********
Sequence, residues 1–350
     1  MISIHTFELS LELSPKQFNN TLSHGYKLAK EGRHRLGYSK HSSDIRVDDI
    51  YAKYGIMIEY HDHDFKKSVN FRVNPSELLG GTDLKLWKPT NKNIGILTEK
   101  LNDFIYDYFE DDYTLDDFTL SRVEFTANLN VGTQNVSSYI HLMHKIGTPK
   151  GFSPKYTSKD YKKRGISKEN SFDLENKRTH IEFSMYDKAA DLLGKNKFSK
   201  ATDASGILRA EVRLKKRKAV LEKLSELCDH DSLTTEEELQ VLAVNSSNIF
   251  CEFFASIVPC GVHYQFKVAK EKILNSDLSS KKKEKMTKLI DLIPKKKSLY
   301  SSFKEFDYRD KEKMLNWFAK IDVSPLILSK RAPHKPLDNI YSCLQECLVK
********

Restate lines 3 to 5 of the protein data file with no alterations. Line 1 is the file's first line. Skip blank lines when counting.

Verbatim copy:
    51  YAKYGIMIEY HDHDFKKSVN FRVNPSELLG GTDLKLWKPT NKNIGILTEK
   101  LNDFIYDYFE DDYTLDDFTL SRVEFTANLN VGTQNVSSYI HLMHKIGTPK
   151  GFSPKYTSKD YKKRGISKEN SFDLENKRTH IEFSMYDKAA DLLGKNKFSK